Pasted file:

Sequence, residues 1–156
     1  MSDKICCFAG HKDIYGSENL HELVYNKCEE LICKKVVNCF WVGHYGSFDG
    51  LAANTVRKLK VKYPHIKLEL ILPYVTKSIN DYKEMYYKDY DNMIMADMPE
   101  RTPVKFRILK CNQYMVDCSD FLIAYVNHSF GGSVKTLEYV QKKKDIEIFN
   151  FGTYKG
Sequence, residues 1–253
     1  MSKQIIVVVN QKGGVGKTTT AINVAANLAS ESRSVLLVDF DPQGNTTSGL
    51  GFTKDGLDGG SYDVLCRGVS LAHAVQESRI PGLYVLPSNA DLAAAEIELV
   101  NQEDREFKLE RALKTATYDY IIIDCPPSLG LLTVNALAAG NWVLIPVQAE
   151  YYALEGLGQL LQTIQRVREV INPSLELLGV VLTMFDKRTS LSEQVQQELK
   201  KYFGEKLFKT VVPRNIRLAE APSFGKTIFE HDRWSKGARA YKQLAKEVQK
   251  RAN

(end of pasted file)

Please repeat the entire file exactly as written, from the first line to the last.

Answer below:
Sequence, residues 1–156
     1  MSDKICCFAG HKDIYGSENL HELVYNKCEE LICKKVVNCF WVGHYGSFDG
    51  LAANTVRKLK VKYPHIKLEL ILPYVTKSIN DYKEMYYKDY DNMIMADMPE
   101  RTPVKFRILK CNQYMVDCSD FLIAYVNHSF GGSVKTLEYV QKKKDIEIFN
   151  FGTYKG
Sequence, residues 1–253
     1  MSKQIIVVVN QKGGVGKTTT AINVAANLAS ESRSVLLVDF DPQGNTTSGL
    51  GFTKDGLDGG SYDVLCRGVS LAHAVQESRI PGLYVLPSNA DLAAAEIELV
   101  NQEDREFKLE RALKTATYDY IIIDCPPSLG LLTVNALAAG NWVLIPVQAE
   151  YYALEGLGQL LQTIQRVREV INPSLELLGV VLTMFDKRTS LSEQVQQELK
   201  KYFGEKLFKT VVPRNIRLAE APSFGKTIFE HDRWSKGARA YKQLAKEVQK
   251  RAN